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What's New in Public Policy?
Excerpts from Hotline Memos of April 2002
from the Information Department of Project Inform

May 2002

Getting Started in Federal Policy Advocacy

The following was posted by Project Inform's public policy department on a listserv for treatment advocates. It contains suggestions for how individuals can get involved in public policy advocacy at the federal level. For more information, contact Ryan Clary, 415-558-8669 x215 or

There are many national, regional, and local organizations and coalitions that advocate at the federal level. One coalition that pulls together a broad spectrum of organizations is the National Organizations Responding to AIDS. NORA is a coalition of national and local organizations that creates the appropriations agenda each year, determines the amount needed for each HIV/AIDS program and advocates for those funding figures throughout the year. There are some very active subcommittees in this coalition (including research, international issues, and overall appropriations) that are doing very substantive work. AIDS Action in Washington, D.C. coordinates NORA. Anyone who might be interested in that group should check out their website,

For those interested in researching a variety of opportunities to get involved in policy advocacy, a resource list of national organizations doing public policy advocacy is available. Please call or email for a copy. It will soon be available on Project Inform's website,

This list provides descriptions of the type of policy work these groups are doing, along with websites and phone numbers. We encourage anyone interested in getting involved with policy advocacy to check out the information on that resource list. There are many groups that focus on particular programs or issues. For a copy of this resource list, contact Ryan Clary at 415-558-8669 x215 or

There is great interest in advocacy around the AIDS Drug Assistance Program (ADAP). ADAPs around the country are having trouble meeting the needs of those who rely on them for drug access. ADAP has received an insufficient increase in federal funding the last two years, and President Bush's proposed budget for the next fiscal year calls for no increase. We must advocate strongly with Congress for adequate funding as the process unfolds this year. There are of course other factors contributing to the ADAP crisis, including drug price increases, insufficient contributions by state legislatures, increase in demand, and the wonderful fact that many people are living longer, thus relying on the program for more time. The ADAP Working Group is a coalition of pharmaceutical industry representatives and community organizations with a focused mission of securing adequate ADAP funding at the federal level. We are also trying to address some of the other factors listed. More community organizations are needed in this group, and individuals are needed to help advocate with their own representatives. If you are interested in getting involved with ADAP advocacy as an organization or an individual, contact Ryan Clary at Project Inform.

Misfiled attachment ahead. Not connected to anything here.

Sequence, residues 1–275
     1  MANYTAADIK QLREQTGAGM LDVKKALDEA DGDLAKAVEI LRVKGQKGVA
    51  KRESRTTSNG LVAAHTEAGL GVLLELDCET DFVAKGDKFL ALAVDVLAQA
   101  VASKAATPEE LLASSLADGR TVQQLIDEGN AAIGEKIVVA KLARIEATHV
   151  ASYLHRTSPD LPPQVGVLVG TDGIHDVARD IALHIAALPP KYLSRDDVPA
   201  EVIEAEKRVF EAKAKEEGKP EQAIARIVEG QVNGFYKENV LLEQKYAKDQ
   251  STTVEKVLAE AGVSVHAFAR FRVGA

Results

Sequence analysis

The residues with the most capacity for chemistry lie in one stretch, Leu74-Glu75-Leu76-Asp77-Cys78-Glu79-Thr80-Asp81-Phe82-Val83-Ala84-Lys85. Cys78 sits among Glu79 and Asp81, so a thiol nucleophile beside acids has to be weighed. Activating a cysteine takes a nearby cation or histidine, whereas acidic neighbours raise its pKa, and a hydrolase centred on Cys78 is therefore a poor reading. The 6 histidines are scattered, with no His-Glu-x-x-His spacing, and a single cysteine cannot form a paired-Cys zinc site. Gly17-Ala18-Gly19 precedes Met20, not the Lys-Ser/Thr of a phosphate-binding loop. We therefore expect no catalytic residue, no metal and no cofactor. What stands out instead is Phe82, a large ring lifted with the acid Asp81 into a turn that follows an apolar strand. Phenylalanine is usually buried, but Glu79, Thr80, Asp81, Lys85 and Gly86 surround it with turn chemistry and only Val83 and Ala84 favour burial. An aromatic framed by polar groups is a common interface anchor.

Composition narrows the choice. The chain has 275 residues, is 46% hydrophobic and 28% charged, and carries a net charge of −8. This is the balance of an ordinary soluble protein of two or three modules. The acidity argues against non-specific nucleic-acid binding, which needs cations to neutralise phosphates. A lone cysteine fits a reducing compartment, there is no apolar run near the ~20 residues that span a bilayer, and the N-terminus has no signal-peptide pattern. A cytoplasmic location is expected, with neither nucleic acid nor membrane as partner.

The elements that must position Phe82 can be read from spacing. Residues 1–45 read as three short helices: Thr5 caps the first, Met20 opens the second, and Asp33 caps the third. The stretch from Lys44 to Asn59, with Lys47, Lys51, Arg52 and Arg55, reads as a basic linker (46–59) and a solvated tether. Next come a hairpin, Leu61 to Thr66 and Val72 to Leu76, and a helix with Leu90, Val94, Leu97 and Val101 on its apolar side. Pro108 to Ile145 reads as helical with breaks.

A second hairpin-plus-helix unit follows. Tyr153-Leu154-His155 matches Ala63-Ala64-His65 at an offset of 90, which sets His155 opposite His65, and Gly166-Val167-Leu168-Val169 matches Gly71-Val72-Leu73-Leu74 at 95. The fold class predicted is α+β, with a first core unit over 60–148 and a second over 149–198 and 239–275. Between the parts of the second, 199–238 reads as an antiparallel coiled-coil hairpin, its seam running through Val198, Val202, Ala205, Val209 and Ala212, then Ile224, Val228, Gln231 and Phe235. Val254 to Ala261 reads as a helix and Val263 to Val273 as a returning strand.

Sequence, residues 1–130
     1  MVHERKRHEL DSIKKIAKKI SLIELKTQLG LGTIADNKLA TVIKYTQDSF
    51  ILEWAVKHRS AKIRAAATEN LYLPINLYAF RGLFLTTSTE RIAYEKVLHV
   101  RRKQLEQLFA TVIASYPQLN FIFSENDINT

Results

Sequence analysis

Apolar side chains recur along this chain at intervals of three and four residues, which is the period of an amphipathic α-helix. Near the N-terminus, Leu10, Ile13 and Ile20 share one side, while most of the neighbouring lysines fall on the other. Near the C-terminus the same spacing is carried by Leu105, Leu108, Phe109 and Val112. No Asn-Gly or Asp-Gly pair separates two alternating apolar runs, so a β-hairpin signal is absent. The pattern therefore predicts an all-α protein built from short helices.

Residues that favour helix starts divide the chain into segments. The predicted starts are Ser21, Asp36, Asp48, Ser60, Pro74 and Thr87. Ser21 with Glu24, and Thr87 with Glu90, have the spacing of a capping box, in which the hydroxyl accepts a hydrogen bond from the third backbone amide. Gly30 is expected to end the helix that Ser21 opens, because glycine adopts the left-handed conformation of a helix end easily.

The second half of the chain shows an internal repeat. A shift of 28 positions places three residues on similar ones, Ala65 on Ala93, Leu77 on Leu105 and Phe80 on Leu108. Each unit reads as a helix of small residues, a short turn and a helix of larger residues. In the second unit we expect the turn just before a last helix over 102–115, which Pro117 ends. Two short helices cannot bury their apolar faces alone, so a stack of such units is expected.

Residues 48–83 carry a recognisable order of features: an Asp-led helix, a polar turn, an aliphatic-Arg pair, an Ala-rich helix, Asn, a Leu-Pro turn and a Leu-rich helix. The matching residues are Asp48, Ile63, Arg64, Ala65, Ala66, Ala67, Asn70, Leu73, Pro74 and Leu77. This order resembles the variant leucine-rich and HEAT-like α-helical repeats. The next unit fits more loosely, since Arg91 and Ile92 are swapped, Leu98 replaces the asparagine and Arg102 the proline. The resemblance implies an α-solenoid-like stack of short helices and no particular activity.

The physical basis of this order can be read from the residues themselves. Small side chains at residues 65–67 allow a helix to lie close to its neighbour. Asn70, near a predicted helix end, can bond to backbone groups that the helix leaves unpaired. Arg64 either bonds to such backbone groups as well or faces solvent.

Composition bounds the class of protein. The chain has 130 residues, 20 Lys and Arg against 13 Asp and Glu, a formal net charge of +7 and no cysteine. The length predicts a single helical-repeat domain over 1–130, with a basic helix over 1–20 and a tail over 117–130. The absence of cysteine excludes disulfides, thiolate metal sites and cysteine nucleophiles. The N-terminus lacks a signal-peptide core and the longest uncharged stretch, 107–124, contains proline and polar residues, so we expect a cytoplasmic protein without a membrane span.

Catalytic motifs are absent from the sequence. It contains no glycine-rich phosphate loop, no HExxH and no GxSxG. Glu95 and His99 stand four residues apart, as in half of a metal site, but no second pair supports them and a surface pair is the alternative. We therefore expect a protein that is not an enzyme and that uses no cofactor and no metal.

People can also get involved by joining Project Inform's grassroots network, the Treatment Action Network (TAN). We send action alerts via email on a fairly regular basis on federal legislative and budget issues, with a focus on treatment and healthcare access issues. We always include contact information and a sample letter. It's based on the philosophy that those most affected by the epidemic should be aware of what their elected officials are doing and how they can make sure their voice is heard. It is not the only grassroots network out there, and we suggest joining as many as possible. If you want to join the TAN email list, either sign up through our webpage at or send an email to

Finally, individuals can participate in advocacy by attending AIDSWATCH 2002. This is a three day event in Washington, D.C., organized by the National Association of People With AIDS in conjunction with other national, regional, and local organizations. The purpose of AIDSWATCH is for people living with HIV and their advocates to meet directly with their federal representatives and/or their legislative aides to talk about the need for adequate funding for all care/treatment, research, prevention, housing, and international programs. This year, AIDSWATCH will be held on June 9-11. The 9th is a briefing on the issues and tips on how to have an effective legislative meeting. On the 10th and 11th, participants will go with others from their state or region to meet with their U.S. Representative and two Senators (or their staff, who are very important to meet with), as well as others who may represent districts close to them. It is not important to be an expert on the issues. There will be a facilitator for the meeting who will be familiar with the specific funding requests. The point is to bring personal stories so that your elected officials understand how their actions affect you and other people they represent.

If you're interested in attending AIDSWATCH, go to NAPWA's website at or email

Back to the What's New? May 2002 Table of Contents.

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